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Distribution and Factors Associated with Four Premature Ejaculation Syndromes in Outpatients Complaining of Ejaculating Prematurely


Corresponding Author: Chaozhao Liang, MD, PhD, Department of Urology, The First Affiliated Hospital of Anhui Medical University, Hefei 230032, Anhui, China. Tel: 86-551-2922046; Fax: 86-551-2922046; E-mail:



Because available definitions of premature ejaculation (PE) were unable to encompass the various forms of PE, Waldinger et al. proposed a new classification that distinguished four PE syndromes. However, few studies have examined the prevalence rates of these four PE syndromes.


The study aims to analyze the prevalence of and factors associated with four PE syndromes in outpatients who complained of ejaculating prematurely.


Between December 2009 and December 2011, outpatients who complained of PE completed a detailed verbal questionnaire regarding their demographic data and medical and sexual history. Each patient was classified as having one of four PE subtypes: lifelong PE (LPE), acquired PE (APE), natural variable PE (NVPE), or premature-like ejaculatory dysfunction (PLED).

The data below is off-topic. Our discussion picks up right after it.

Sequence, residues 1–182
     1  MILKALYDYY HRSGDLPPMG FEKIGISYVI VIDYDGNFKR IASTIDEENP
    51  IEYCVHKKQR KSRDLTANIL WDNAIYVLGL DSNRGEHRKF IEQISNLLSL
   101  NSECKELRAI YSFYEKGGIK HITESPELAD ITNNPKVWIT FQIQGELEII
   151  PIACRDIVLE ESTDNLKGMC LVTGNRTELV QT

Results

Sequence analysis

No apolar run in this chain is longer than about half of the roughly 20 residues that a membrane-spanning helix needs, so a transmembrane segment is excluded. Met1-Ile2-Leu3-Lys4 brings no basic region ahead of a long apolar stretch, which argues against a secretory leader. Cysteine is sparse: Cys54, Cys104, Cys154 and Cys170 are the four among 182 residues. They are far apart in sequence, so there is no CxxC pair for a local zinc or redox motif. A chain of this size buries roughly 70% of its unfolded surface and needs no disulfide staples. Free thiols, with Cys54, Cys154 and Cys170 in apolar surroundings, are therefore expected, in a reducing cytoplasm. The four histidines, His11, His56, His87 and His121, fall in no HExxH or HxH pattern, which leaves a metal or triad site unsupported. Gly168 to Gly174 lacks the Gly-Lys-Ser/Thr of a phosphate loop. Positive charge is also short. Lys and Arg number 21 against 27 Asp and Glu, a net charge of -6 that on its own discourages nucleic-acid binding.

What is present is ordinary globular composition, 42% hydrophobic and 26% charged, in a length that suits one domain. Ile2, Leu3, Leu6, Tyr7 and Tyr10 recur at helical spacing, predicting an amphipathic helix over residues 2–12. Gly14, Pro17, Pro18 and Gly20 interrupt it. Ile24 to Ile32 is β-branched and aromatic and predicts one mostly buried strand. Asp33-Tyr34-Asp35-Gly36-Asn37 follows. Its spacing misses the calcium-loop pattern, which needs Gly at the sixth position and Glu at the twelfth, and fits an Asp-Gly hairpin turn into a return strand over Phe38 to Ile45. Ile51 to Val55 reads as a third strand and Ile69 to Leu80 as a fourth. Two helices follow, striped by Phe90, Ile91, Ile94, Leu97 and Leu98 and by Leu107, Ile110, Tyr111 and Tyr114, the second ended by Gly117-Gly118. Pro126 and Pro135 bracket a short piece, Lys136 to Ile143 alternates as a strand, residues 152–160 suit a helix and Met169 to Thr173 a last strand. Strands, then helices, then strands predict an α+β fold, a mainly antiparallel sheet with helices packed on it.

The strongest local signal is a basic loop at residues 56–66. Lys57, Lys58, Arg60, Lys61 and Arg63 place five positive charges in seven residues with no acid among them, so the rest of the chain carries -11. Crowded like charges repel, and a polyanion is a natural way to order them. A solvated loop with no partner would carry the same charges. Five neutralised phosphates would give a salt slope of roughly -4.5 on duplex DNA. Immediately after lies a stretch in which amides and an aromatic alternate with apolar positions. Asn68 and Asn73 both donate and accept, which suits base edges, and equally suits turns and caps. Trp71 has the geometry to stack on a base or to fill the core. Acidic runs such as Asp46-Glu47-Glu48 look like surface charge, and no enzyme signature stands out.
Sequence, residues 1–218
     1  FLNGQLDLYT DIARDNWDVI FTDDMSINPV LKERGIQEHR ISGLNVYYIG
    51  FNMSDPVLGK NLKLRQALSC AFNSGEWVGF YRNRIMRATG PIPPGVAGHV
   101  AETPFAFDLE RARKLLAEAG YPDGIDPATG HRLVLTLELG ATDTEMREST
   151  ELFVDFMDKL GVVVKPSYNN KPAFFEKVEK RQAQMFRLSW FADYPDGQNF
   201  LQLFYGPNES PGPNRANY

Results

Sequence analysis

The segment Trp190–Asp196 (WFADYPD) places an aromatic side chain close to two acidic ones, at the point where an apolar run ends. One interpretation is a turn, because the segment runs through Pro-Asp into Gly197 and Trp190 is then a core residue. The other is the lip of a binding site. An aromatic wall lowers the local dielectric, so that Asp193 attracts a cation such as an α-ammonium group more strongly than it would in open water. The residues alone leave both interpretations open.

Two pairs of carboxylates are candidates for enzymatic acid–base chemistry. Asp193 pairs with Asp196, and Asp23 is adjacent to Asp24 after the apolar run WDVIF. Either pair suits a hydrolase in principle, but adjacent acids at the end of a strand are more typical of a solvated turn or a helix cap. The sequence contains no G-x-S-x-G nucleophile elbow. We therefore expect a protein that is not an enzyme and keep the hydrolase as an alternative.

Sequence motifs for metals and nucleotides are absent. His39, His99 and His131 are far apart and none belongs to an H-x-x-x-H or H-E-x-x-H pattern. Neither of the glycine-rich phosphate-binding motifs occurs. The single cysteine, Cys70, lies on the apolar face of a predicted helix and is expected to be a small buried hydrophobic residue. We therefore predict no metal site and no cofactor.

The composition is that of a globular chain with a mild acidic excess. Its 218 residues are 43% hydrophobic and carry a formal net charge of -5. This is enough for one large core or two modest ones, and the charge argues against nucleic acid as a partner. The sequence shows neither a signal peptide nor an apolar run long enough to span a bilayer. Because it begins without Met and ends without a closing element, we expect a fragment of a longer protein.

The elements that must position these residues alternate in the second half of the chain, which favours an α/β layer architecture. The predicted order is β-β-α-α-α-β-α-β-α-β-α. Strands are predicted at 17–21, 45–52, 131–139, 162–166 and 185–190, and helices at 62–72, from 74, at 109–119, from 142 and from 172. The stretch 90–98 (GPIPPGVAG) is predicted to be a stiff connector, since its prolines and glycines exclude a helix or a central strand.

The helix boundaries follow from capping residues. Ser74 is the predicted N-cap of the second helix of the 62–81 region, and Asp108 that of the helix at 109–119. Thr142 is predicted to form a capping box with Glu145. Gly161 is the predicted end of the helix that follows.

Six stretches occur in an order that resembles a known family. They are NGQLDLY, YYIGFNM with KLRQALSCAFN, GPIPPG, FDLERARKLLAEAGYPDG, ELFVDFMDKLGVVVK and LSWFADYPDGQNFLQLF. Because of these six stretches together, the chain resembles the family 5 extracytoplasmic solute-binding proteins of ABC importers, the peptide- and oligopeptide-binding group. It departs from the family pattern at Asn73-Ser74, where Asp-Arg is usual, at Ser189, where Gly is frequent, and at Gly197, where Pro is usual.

Main Outcome Measures

Based on the new classification scheme, PE was classified into four subtypes. The anxiety/depression status of patients was assessed by the Zung self-rating anxiety/depression scales, and erectile function was assessed by the International Index of Erectile Function-5 instrument.


This study included 1,988 male outpatients who complained of PE, with mean ages and body mass index (BMI) scores of 35.52 ± 10.38 years and 25.34 ± 4.51 kg/m2, respectively. Prevalence rates of PE syndromes were 35.66% for LPE, 28.07% for APE, 12.73% for NVPE, and 23.54% for PLED. Patients with APE had the highest mean ages and BMI scores, and they more frequently reported several comorbidities, including sexual desire disorder, hypertension, diabetes mellitus, chronic prostatitis, and erectile dysfunction. The PLED group had a lower mean frequency of sexual intercourse than other groups and higher rates of anxiety and depression.


The prevalence of LPE was higher than that of other PE subtypes in an outpatient setting. Several comorbidities were more common in patients with APE and PLED. In particular, a lower frequency of intercourse and higher frequencies of anxiety and depression were found in patients with PLED.

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